The views were spectacular and I so enjoyed my few hours walking around the walled city of Valença. As mentioned I bumped into Mel near the Igreja de Santa Maria dos Anjos at the far end towards the river. We chatted briefly. She was looking for their Priest who was to conduct the service at this church later on. Before saying goodbye again with the promise to meet up in Santiago on Friday, she told me that there was a Camino route through the walls and tunnels of the city!! What???? Seriously!!! I was totally intrigued by that snippet of information. Okay, so that was right up my alley (pun!! LOL) She didn’t have time to tell me more and where etc. and I was determined to find this route and follow it in the morning.

Time was marching on, so before heading over to watch the sunset, I decided to have something to eat. There was a little cafe nearby so I made my way  there and had another (the umpteenth) tosta misto and coke. The only thing I could order in Portugese that I was sure didn’t contain chicken or octopus LOL. It did contain ham, but cest la vie….a girl has to eat. I am so going to make sure that I speak and read a lot more of the language before my next Camino.

But first the sunset…..

I was just enthralled to be in Valença. It was totally surreal sitting on the walls of the fortress, aeons old with stories to tell that I couldn’t even begin to imagine. Besides that, I couldn’t quite believe I was actually there. It felt like a dream. I climbed right up onto the walls and sat in a gap between the ramparts, totally on my own – I felt so chilled, relaxed and amazed. What a life.

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sunset over Spain viewed from the Fortress in Valença. Isn’t life just amazing.

After sunset and before it got too dark, I walked back out the walled city, down to the river, so excited that I couldn’t wait for the morning….so I crossed the bridge on the downstream side to Spain (just because I could 🙂 ) and then back again on the upstream side, and on my return I looked carefully for the exit from the fortress. To my delight I found it quite easily and climbed a long, steep set of stairs and into the tunnels. The route was intriguing, twisting and winding through the tunnels, along ancient cobbled lanes, across the walls and arrived eventually back at the church where I had met Mel. Delighted that I had managed to trace the Camino route, I made mental notes of where to go; landmarks for the morning. I am soooo glad I did. What an extraordinary feeling to be walking in the footsteps of countless pilgrims who had followed this route over the centuries. I can’t describe fully how I felt….it was extraordinary.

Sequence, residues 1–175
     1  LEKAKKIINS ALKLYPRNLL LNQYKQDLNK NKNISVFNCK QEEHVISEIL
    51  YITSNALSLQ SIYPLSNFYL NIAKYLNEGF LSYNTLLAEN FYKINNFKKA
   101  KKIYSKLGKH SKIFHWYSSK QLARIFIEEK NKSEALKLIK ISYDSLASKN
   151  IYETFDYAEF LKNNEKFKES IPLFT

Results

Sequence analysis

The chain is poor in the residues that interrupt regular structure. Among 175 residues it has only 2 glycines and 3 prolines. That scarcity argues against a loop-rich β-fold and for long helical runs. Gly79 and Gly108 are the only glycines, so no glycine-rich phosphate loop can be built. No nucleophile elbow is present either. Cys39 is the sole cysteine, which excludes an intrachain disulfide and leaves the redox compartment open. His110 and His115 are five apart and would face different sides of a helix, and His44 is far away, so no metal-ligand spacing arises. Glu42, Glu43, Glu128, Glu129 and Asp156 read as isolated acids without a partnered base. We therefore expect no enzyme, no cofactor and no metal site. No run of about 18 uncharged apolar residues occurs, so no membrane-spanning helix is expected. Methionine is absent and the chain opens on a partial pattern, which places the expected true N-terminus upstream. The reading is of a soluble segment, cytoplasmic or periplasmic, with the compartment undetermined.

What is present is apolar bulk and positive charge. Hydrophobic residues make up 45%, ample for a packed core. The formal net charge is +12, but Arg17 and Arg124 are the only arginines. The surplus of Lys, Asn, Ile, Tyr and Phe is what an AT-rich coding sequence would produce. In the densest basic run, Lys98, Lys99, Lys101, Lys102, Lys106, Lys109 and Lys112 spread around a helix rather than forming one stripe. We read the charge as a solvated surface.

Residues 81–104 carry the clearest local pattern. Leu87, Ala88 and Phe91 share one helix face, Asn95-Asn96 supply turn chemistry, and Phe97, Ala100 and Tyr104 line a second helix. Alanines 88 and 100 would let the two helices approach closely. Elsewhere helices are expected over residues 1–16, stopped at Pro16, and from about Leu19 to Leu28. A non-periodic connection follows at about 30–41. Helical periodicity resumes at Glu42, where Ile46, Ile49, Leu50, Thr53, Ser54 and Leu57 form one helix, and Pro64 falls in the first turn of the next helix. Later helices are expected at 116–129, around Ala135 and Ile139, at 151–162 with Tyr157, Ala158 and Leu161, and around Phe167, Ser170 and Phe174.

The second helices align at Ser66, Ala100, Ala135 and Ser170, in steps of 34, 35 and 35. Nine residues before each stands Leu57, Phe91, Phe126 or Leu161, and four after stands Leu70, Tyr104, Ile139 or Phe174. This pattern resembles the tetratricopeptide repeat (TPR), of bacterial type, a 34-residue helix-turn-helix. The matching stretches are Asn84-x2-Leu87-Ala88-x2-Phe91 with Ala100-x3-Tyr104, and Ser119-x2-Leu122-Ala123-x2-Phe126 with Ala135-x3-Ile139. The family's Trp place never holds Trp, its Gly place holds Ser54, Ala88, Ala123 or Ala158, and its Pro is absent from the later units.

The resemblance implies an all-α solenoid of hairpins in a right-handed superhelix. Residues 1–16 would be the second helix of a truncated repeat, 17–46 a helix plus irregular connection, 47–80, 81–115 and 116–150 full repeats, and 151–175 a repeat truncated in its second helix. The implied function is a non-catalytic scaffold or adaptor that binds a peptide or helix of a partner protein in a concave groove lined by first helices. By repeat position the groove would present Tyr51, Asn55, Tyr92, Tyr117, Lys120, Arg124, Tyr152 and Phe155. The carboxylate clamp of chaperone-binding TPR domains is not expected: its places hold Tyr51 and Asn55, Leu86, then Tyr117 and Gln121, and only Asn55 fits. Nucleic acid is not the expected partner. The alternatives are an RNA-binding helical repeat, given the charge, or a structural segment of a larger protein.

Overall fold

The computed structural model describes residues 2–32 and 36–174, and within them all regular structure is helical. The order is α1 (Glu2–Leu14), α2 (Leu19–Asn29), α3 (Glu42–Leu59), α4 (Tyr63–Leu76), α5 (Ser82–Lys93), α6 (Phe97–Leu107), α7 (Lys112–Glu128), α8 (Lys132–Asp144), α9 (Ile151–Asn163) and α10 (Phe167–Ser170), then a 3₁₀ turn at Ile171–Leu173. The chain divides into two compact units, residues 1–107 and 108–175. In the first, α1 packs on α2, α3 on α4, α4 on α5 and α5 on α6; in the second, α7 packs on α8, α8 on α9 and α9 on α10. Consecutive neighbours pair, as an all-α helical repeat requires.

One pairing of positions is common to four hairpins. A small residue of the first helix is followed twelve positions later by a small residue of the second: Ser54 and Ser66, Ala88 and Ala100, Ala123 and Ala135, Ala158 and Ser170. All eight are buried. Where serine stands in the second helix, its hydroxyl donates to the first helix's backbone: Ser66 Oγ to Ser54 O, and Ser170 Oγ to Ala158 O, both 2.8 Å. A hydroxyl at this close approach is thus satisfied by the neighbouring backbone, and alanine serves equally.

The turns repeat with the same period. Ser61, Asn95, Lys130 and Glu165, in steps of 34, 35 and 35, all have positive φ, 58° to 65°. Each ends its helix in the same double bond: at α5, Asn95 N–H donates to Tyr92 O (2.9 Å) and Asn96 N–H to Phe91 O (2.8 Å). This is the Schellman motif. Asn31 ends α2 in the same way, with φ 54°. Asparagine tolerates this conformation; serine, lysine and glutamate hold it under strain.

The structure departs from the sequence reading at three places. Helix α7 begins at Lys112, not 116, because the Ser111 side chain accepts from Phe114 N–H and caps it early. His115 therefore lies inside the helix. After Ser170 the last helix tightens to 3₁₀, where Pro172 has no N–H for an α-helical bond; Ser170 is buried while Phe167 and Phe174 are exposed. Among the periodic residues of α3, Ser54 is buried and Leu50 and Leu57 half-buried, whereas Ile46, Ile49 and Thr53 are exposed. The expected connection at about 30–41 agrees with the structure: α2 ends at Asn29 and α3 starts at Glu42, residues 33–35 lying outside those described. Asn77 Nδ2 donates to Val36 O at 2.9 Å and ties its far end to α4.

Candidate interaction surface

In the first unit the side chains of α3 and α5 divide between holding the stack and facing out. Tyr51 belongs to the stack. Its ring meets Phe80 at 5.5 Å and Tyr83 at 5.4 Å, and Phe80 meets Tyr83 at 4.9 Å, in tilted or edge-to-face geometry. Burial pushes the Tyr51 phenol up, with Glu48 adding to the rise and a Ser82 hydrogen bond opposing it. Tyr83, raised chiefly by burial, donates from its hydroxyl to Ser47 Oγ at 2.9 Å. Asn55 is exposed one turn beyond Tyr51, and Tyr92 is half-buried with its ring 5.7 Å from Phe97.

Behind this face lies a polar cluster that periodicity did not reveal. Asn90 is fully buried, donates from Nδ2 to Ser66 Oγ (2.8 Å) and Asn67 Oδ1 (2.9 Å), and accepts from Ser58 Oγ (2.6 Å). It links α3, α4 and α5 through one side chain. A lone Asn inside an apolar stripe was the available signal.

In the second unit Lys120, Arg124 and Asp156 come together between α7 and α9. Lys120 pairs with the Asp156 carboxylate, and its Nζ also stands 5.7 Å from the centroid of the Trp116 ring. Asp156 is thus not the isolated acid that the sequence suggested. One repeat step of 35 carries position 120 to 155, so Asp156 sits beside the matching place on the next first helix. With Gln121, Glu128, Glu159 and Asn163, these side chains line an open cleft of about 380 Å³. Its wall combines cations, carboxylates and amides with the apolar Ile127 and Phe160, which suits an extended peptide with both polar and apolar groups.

The route; Valença is also a passage for the Way of St. James on the way to Santiago de Compostela, although many pilgrims now follow the road; Av. de Espanha that skirts the fortress (a real shame in my opinion. If more people knew of the route through the fortress I’m sure they would rather walk that way and enjoy the intriguing route). See Day 11 – my 1st Day of 5 from Valença to Santiago. – post to follow shortly.

After that little adventure, and totally excited that I’d found the route, since my battery was flat and I couldn’t take any more photos, I went shopping….as you do!! 🙂 From the next day onwards, I used the bag and wore the cap 😉

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time for a bit of shopping

And then it was time for bed. I had earlier, on arrival, bumped into my lovely group of 5 from Australia in the foyer of the hotel…seems they were also staying there. We had tentatively agreed to meet up later but when I knocked on the door there was no answer. Instead of a natter I had a fantastic hot shower and before long I was tucked up snug in bed. Goodnight Valença, I do wish I had another day to stay….next time 😉

Although my mind was whirling with excitement and thrilling in the knowledge that on the morrow I was to cross into Spain, I was really tired and despite the traffic noise I was soon fast asleep….my alarm set for 6am!! Whoooo!! Tui, Spain in the morning and the final 100kms to Santiago de Compostela…I could hardly wait to discover what adventures lay ahead?

In case you missed my morning in Caminha; a gorgeous town on the Portuguese Coastal Route of the Camino de Santiago.

(addendum. Unbeknownst to both of us at the time we bumped into each other outside the church, sadly Mel’s Priest had died. There in Valença. So tragic. I only found this out much later when I was near Padron in Spain by a very strange coincidence.)

 

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2017.09.16 Day 10 – Caminha. Today is a rest day and time to explore Caminha.

Walked 4.89 kms / 13,506 steps – if nothing else, I was sure keeping well above the recommended 10,000 steps per day!!

Lina and I rose early, she was keen to get the early ferry across to Spain and I was keen to explore the town before heading to Valenca for the night. We partook of a superb breakfast at the Residencial Arca Nova; a delicious selection of juices, fruits, bread rolls, cheeses and tea or coffee. For the price I paid for the room…excellent value breakfast.